Yahya Jammeh, The Gambia’s authoritarian president of 22 years, has suffered a surprise defeat in the country’s general election.
He will be replaced by a property developer, Adama Barrow, who won more than 45% of the vote.
Jammeh, who came to power in a coup in 1994, has conceded, said electoral commission chief Alieu Momar Njie.
Before announcing the final result, Mr Njie appealed for calm as the country entered unchartered waters.
The Gambia has not had a smooth transfer of power since independence in 1965.
Barrow won 263,515 votes (45.5%) in Thursday’s election, while President Jammeh took 212,099 (36.7%), according to the electoral commission.
Barrow, who runs his own property company, reportedly used to work as a security guard at an Argos department store on London’s Holloway Road.
On the electoral campaign, he promised to revive the country’s economy, which has forced thousands of Gambians to make the perilous journey to Europe.
President Jammeh’s defeat comes as a huge surprise. Despite a surge of support for an opposition broadly united behind one candidate, most people expected the status quo to prevail.
Hopes weren’t high for a peaceful transfer of power, with a crackdown on opposition leaders months before the polls, the banning of international observers or post-election demonstrations, and then the switching off of the internet.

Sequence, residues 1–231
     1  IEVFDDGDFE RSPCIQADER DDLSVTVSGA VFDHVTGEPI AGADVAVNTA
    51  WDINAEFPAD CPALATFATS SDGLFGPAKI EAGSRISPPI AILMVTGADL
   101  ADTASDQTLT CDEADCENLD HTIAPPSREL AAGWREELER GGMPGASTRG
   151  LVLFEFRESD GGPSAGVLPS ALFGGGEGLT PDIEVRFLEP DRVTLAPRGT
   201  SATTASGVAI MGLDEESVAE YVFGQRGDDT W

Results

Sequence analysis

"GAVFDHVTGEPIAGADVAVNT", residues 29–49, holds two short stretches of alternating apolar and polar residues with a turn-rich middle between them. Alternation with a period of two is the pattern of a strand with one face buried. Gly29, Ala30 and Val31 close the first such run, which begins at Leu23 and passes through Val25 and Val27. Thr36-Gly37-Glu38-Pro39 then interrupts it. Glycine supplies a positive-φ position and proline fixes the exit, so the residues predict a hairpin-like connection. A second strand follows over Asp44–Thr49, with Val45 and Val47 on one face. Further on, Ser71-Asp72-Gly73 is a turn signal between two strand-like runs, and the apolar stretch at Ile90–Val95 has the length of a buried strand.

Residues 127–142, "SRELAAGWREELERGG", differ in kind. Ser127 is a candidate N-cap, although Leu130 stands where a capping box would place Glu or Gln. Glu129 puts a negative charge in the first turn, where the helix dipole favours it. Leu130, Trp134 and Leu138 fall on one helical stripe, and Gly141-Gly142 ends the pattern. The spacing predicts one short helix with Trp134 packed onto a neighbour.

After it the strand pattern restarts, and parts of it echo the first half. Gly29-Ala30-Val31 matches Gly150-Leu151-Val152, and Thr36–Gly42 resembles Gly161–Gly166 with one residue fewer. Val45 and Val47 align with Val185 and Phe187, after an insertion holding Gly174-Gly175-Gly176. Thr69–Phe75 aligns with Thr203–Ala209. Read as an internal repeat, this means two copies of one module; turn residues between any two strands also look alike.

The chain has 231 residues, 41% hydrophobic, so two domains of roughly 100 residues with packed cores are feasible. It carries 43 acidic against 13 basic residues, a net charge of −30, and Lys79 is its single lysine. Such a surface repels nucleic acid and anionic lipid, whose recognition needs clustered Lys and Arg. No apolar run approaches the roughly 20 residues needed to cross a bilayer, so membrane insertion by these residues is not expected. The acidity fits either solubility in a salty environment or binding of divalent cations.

But in a place where glass beads are used in place of ballot papers, it seems that the marbles have spoken.
The unseating of an incumbent president is not the usual way politics goes in this part of the world – but it’s becoming popular in West Africa at least, with Muhammadu Buhari unseating Goodluck Jonathan in Nigeria just last year.
Former businessman Adama Barrow now has his chance to tackle the poverty and unemployment which drives so many young Gambians to join the Mediterranean migrant trail every year.
A devout Muslim, Mr Jammeh, 51, once said he would rule for “one billion years” if “Allah willed it”.
“It’s really unique that someone who has been ruling this country for so long has accepted defeat,” Mr Njie, the electoral commission chief, told reporters.
During the campaign, the country’s mostly young population seemed to be yearning for change, said the BBC’s Umaru Fofana in the capital, Banjul.
Human rights groups have accused Mr Jammeh, who has in the past claimed he can cure Aids and infertility, of repression and abuses.
Several previous opposition leaders are in jail after taking part in a rare protest in April.
Observers from the European Union (EU) and the West African regional bloc Economc Community of West African States (ECOWAS) did not attend the vote.